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From NPR News, it's DAY TO DAY with some new music. Critic John Brady has a review of three new bands from the Pacific Northwest. They are redefining the music scene there with their distinctive, sometimes quirky, voices.

Mr. JOHN BRADY (Music critic): Olympia, Washington's Calvin Johnson has a voice as flat as warm, day old beer.

(Soundbite of song, "When Hearts Turn Blue")

Mr. CALVIN JOHNSON (Singer): (Singing) If the sky can hold on past deepest black, through pastel hues.

Mr. BRADY: Oddly enough, that's part of his appeal. With his off-key, bassy voice and lean, jangly melodies, Johnson shucks off many of the usual pop music trappings. He's a cool and detached hipster with an out-of-kilter sound. He couples this with dryly humorous and sometimes surreal lyrics. In this song, Johnson riffs on the tale of the tortoise and the hare.

(Soundbite of music)

Mr. JOHNSON: (Singing) sign to every person, the tortoise and the hare, I'm a turtle when I'm working, and a rabbit as a player...

WEINER: Johnson is a scene veteran. He co-founded the record label K Records, which has been an influential incubator of indie music for many years. By contrast, Portland resident Chad Crouch is a relative new comer.

(Soundbite of song, "Stephanie, My First Crush")

Mr. CHAD CROUCH (Singer): (Singing) We met each other at the autumn dance. Behind the lockers, Lisa said do you like me?

WEINER: Recording under the name Toothfairy, Chad Crouch sings in a soft, wispy voice that tends to dissipate at the end of the phrase. On his album Formative, he revisits his teenage years, to funny and touching effect. With a mixture of both nostalgia and pained embarrassment, he takes the listener on an audio tour of episodes from his adolescence.

(Soundbite of song, "Stephanie, My First Crush")

Mr. CROUCH: (Singing) I'm leaning forward together. Stephanie likes me. I only want to be alone with her. Stephanie, under a tree. I'm going to whisper in (unintelligible), Stephanie, sweet pea. Still and clumsy this attraction, Stephanie, I'm learning.

WEINER: The music is almost always catchy and entertaining. It is crowded in contemporary electronic music, but it also harkens back to the bands Crouch avidly listened to as a teenager: Depeche Mode, Erasure, and OMD. Both Johnson and Crouch favor a wry and lightly ironic take on life.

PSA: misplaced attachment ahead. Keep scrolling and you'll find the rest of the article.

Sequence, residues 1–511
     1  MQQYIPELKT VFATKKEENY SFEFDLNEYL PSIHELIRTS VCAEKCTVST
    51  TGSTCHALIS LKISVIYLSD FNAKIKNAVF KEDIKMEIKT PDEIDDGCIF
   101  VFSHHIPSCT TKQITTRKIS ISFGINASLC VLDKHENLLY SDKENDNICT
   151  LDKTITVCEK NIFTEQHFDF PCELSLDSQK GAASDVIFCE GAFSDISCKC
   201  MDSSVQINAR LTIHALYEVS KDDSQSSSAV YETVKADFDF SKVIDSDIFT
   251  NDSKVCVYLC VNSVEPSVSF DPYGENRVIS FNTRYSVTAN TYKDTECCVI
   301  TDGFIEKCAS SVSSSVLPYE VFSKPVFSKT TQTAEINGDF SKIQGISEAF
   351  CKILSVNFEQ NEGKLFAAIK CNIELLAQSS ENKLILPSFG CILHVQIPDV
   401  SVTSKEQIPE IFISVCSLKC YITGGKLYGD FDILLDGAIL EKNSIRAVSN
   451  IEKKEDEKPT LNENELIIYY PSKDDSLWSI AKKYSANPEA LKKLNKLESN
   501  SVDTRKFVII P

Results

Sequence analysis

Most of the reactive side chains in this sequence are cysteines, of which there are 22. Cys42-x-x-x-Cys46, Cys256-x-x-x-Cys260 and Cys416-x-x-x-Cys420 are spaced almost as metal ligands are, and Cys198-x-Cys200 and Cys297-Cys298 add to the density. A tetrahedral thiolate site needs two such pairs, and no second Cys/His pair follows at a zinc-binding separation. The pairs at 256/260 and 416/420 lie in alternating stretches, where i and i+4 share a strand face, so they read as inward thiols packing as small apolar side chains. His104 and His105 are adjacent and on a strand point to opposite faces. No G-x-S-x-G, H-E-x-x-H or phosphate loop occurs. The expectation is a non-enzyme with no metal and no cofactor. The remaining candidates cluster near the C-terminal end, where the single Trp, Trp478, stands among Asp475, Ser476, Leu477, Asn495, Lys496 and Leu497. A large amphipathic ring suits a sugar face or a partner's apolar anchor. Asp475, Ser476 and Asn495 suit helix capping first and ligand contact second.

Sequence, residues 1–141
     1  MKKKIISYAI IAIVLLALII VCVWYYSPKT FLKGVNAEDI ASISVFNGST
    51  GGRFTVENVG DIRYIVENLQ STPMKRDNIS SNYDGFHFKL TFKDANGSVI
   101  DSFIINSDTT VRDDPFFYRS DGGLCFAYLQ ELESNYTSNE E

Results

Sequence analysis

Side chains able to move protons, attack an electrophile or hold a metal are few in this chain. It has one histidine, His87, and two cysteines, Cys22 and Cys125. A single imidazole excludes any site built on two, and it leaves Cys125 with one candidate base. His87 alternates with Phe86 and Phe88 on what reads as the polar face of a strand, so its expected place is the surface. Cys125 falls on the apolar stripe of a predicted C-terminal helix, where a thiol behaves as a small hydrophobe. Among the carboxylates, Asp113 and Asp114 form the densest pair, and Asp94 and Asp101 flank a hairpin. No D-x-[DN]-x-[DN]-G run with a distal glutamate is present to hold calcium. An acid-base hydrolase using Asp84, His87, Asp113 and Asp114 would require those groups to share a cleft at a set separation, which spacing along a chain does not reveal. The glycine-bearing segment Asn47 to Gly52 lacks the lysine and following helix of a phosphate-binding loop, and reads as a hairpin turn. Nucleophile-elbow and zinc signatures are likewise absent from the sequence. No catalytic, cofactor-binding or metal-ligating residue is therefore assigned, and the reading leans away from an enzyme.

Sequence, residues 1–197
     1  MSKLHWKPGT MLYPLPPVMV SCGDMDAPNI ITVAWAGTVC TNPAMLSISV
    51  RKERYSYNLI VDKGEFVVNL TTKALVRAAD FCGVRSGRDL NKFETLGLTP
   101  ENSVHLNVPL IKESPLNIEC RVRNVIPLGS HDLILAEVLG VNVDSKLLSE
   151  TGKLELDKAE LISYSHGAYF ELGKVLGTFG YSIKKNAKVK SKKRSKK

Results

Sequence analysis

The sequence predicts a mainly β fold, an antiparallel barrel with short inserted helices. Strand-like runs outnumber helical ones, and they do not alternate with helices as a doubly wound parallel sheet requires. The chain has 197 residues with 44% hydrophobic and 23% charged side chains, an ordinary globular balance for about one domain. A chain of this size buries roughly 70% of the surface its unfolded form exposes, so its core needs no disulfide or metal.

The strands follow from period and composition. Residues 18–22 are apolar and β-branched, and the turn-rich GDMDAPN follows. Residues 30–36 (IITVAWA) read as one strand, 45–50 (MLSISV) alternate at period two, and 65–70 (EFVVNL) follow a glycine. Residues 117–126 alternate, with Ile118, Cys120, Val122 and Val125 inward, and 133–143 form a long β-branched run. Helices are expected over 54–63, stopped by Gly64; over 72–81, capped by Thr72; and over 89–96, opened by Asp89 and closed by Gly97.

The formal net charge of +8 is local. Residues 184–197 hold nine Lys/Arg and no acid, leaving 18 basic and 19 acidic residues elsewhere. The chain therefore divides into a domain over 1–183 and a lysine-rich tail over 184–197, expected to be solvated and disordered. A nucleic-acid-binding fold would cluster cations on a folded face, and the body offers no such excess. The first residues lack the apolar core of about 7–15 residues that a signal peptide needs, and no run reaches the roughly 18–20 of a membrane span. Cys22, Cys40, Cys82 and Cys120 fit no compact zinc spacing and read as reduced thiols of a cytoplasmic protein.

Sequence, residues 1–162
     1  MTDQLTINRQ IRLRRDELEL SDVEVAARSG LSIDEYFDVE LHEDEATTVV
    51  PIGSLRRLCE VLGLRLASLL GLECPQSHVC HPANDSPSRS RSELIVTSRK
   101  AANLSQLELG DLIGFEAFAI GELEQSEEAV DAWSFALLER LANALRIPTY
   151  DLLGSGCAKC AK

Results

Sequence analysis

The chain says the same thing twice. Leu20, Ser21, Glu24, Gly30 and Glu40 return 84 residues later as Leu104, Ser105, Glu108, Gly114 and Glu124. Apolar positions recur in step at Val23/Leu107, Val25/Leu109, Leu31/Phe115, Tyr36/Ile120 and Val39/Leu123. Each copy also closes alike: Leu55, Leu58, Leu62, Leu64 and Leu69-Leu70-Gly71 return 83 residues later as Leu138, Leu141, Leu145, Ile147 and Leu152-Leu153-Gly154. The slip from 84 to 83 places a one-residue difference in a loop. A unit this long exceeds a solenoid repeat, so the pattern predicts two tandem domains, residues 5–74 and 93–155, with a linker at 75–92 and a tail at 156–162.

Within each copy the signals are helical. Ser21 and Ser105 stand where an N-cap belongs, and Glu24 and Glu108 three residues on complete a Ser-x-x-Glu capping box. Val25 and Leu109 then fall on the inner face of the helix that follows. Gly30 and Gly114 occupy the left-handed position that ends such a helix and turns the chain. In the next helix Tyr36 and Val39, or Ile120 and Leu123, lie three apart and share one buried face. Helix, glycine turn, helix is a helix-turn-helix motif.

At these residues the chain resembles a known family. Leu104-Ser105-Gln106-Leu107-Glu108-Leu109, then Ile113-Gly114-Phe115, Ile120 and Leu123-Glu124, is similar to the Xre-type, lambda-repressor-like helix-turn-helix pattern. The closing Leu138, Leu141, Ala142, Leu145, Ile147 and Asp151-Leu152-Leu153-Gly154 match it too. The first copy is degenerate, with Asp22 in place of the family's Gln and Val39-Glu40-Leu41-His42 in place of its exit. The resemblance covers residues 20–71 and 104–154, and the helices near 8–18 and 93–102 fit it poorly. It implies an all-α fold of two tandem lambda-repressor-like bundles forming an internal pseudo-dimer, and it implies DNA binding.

Beth Ditto, lead singer of the Portland-based "The Gossip," leans heavily towards the sincere.

(Soundbite of "Fire with Fire")

Ms. BETH DITTO (Singer): (Singing) It ain't the end of the world, girl. You'll find you're place in the world, girl. All you've got to do is stand up and fight fire with fire.

WEINER: She's a punk-rock howler in the tradition of the X-Ray Spex's Poly Styrene, or Bikini Kill's Kathleen Hanna. But she also has a bit of the sexy, soulful disco diva in her.

(Soundbite of music)

Ms. DITTO: (Singing) Everything you do has got a hold on me. Then every thing I do has got a hold in it, but I can...

WEINER: As a result, Ditto can give stormy voice to a desire for independence and control, but she's also capable of more sensual, embodied explorations of her emotions. It's a compelling juxtaposition: fierce and voluptuous.

Ms. DITTO: (Singing) Ya'll make it hot. Your (unintelligible) is hanging onto memories. You're letting go of everything that used to be. I've had enough, you fill me up to let me down.

WEINER: I'm reassured by Johnson, Crouch, and Ditto, because they testify to the persistence of pop music's vitality. The music world can be fickle, and the Pacific Northwest doesn't garner the publicity it once did. But whether the critics are paying attention or not, the musicians continue to invent creative, sometimes idiosyncratic takes on the pop sound. Without the spotlight, you may have to look a little harder, but as these three demonstrate, it's worth the search.

(Soundbite of music)

Ms. DITTO: (Singing) Oo. You're making hot. You're (unintelligible) love, that's hanging on to memories.

BRAND: Music critic John Brady is a writer living in Los Angles. DAY TO DAY returns in a moment.

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